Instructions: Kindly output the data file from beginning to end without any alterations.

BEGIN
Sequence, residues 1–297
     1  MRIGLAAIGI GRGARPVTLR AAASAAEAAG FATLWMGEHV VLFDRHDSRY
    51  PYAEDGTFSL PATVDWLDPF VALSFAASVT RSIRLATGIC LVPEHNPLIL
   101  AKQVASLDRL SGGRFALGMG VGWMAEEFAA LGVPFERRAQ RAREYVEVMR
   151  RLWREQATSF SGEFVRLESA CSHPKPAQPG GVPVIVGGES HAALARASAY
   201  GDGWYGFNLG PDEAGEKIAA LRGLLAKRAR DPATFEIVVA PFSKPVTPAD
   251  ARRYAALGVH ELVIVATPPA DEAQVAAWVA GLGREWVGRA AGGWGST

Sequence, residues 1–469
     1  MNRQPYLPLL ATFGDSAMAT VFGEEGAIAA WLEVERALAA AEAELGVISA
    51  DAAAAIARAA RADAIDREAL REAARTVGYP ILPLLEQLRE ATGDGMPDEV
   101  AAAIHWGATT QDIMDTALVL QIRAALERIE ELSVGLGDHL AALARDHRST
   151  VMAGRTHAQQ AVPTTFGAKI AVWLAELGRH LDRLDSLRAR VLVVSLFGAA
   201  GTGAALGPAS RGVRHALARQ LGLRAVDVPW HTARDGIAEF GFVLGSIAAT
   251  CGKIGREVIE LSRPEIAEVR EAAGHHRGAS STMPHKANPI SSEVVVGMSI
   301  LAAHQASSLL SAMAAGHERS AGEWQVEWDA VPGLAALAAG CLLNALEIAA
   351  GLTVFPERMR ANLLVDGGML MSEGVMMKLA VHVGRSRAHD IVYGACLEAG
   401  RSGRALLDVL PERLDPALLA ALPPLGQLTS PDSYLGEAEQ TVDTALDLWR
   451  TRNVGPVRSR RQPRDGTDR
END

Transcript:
Sequence, residues 1–297
     1  MRIGLAAIGI GRGARPVTLR AAASAAEAAG FATLWMGEHV VLFDRHDSRY
    51  PYAEDGTFSL PATVDWLDPF VALSFAASVT RSIRLATGIC LVPEHNPLIL
   101  AKQVASLDRL SGGRFALGMG VGWMAEEFAA LGVPFERRAQ RAREYVEVMR
   151  RLWREQATSF SGEFVRLESA CSHPKPAQPG GVPVIVGGES HAALARASAY
   201  GDGWYGFNLG PDEAGEKIAA LRGLLAKRAR DPATFEIVVA PFSKPVTPAD
   251  ARRYAALGVH ELVIVATPPA DEAQVAAWVA GLGREWVGRA AGGWGST

Sequence, residues 1–469
     1  MNRQPYLPLL ATFGDSAMAT VFGEEGAIAA WLEVERALAA AEAELGVISA
    51  DAAAAIARAA RADAIDREAL REAARTVGYP ILPLLEQLRE ATGDGMPDEV
   101  AAAIHWGATT QDIMDTALVL QIRAALERIE ELSVGLGDHL AALARDHRST
   151  VMAGRTHAQQ AVPTTFGAKI AVWLAELGRH LDRLDSLRAR VLVVSLFGAA
   201  GTGAALGPAS RGVRHALARQ LGLRAVDVPW HTARDGIAEF GFVLGSIAAT
   251  CGKIGREVIE LSRPEIAEVR EAAGHHRGAS STMPHKANPI SSEVVVGMSI
   301  LAAHQASSLL SAMAAGHERS AGEWQVEWDA VPGLAALAAG CLLNALEIAA
   351  GLTVFPERMR ANLLVDGGML MSEGVMMKLA VHVGRSRAHD IVYGACLEAG
   401  RSGRALLDVL PERLDPALLA ALPPLGQLTS PDSYLGEAEQ TVDTALDLWR
   451  TRNVGPVRSR RQPRDGTDR